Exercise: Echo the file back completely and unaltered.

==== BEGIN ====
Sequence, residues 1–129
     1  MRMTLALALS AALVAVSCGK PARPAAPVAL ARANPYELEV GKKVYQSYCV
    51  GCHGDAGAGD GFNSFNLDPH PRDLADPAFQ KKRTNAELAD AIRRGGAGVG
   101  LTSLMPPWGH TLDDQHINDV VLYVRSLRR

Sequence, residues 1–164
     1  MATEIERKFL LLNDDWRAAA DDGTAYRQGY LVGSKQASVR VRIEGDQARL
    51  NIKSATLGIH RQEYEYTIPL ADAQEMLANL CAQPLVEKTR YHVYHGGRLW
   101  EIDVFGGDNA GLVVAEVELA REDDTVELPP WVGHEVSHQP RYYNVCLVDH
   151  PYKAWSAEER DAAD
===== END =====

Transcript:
Sequence, residues 1–129
     1  MRMTLALALS AALVAVSCGK PARPAAPVAL ARANPYELEV GKKVYQSYCV
    51  GCHGDAGAGD GFNSFNLDPH PRDLADPAFQ KKRTNAELAD AIRRGGAGVG
   101  LTSLMPPWGH TLDDQHINDV VLYVRSLRR

Sequence, residues 1–164
     1  MATEIERKFL LLNDDWRAAA DDGTAYRQGY LVGSKQASVR VRIEGDQARL
    51  NIKSATLGIH RQEYEYTIPL ADAQEMLANL CAQPLVEKTR YHVYHGGRLW
   101  EIDVFGGDNA GLVVAEVELA REDDTVELPP WVGHEVSHQP RYYNVCLVDH
   151  PYKAWSAEER DAAD